• The company expects that business next year will remain down a third compared to before the pandemic and then a two-year recovery will be necessary to bounce back to 2019 levels, he says.
  • When the economy turns “vibrant” again — which will take a few years of recovery — he [Arne Sorenson] predicts people will travel for work at the same rate again.
  • “It’s not just about what we can accomplish or what other employers can accomplish, but think about all the small businesses that are located near where we go to work: the lunch counter, the coffee shop, the florist, the dry cleaner,” he says. “Those businesses are closed, and they won’t open until we start to step back out.”

Jeremy Hobson, Allison Hagan | WBUR

Travel Demand Going From Bad to Worse

KEY QUOTES:

  • Demand for air travel is going from bad to slightly worse, according to United Airlines Holdings, which warned investors on Wednesday that its near-term outlook had deteriorated.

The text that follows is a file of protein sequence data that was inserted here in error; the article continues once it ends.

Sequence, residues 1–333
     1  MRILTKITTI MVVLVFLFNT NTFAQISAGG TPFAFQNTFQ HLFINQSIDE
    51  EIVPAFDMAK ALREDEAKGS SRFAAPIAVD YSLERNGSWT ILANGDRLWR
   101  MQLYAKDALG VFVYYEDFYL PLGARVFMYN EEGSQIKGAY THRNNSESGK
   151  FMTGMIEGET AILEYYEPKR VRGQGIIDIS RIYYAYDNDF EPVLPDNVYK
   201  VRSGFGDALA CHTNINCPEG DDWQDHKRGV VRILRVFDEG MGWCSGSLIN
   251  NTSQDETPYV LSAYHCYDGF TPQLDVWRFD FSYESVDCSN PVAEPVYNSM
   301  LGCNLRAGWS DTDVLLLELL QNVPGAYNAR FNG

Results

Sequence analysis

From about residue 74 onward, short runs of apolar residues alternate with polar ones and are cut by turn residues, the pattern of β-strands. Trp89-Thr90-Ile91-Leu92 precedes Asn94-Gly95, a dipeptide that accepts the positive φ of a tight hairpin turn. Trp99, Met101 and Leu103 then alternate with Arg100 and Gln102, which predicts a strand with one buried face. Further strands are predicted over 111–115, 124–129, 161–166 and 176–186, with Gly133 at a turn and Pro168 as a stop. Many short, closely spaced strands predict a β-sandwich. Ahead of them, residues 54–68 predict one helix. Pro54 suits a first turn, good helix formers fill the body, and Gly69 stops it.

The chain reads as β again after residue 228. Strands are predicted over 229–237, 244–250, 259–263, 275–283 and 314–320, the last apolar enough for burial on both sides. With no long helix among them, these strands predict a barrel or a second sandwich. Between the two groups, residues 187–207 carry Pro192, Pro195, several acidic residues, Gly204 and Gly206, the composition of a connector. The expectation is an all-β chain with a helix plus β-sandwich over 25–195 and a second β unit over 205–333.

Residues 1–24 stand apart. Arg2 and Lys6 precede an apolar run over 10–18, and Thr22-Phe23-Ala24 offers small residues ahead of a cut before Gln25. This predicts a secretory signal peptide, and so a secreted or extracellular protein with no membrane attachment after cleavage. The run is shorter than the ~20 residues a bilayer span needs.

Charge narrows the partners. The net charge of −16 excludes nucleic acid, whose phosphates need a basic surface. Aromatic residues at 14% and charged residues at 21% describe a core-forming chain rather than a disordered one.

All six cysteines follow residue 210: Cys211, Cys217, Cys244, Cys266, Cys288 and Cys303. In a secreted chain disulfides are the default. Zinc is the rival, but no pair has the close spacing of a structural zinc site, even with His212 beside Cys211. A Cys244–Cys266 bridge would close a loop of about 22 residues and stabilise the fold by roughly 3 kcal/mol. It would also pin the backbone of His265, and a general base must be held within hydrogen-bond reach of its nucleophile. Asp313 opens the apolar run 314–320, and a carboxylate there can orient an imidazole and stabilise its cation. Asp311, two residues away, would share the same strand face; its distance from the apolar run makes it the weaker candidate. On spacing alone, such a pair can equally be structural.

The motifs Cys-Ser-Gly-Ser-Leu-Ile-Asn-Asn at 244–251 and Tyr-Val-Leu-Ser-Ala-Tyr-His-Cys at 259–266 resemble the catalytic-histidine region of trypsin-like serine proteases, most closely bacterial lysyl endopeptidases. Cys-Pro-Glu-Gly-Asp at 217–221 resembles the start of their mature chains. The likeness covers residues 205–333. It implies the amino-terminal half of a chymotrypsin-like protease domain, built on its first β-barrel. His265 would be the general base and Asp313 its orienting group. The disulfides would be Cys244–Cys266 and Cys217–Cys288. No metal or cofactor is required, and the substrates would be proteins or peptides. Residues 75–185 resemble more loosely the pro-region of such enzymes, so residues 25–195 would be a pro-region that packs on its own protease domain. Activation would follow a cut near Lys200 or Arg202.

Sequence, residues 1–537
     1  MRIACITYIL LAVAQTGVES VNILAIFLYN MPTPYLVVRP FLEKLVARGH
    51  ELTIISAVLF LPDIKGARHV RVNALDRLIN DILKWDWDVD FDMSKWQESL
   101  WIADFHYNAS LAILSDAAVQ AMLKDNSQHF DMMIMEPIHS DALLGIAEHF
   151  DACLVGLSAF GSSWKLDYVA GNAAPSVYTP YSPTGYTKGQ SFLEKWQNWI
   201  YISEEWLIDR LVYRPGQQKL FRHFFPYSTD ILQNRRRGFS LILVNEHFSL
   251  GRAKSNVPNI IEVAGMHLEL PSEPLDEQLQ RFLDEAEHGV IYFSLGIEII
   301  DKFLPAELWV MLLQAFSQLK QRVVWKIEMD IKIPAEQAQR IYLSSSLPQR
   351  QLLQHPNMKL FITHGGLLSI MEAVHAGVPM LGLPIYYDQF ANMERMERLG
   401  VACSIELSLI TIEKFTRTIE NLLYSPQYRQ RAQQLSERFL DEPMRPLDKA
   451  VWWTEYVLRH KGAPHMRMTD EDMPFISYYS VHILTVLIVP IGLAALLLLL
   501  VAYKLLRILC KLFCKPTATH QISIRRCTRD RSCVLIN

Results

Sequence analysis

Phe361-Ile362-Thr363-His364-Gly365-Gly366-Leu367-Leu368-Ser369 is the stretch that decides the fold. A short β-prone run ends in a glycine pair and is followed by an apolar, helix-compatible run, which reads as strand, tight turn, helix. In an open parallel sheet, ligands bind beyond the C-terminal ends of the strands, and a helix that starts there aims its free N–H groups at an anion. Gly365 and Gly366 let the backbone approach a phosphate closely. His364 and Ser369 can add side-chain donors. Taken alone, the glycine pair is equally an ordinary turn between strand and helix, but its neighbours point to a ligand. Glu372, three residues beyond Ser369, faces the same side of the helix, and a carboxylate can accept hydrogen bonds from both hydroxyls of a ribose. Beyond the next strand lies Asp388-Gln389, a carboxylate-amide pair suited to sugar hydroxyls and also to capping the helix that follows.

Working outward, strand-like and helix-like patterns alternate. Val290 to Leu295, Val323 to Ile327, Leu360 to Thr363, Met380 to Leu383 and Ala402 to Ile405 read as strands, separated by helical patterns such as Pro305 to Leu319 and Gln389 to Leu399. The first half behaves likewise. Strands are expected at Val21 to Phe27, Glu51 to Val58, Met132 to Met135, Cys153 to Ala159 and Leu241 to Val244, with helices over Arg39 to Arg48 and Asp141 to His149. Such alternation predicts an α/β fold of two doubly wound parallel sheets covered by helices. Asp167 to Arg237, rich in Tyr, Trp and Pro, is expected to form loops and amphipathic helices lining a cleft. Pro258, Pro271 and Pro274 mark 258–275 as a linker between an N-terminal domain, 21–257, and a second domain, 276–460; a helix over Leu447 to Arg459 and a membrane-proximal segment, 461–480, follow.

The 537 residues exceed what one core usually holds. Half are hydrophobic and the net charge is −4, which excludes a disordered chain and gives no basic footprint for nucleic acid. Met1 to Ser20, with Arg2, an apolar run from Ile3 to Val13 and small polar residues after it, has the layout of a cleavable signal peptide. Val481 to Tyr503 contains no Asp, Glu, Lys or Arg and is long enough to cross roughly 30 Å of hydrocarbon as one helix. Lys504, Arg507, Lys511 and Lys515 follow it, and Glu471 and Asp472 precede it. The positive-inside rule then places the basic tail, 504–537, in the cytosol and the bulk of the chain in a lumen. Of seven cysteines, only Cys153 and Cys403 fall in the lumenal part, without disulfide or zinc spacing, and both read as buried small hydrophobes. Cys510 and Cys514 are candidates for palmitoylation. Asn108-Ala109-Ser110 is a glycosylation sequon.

• Scheduled flight capacity in the third quarter would be down 70% year over year, compared with the 65% decrease that it previously forecast. The airline expects passenger revenue to be down 85%, compared with previous guidance of an 83% decline.
  • United said it expects “demand to remain suppressed and plateau at levels of around 50%, relative to 2019 levels, until a widely accepted treatment and/or vaccine for Covid-19 is widely available.”
  • Most airlines are planning flight schedules at about 50% of last year’s levels for October. United is scheduling only 40% of last October’s domestic and international flights.
  • Leisure-focused carriers have gotten more bearish. Spirit Airlines (SAVE) expects October capacity to be 51% of last year’s flights, down from around 80% in July.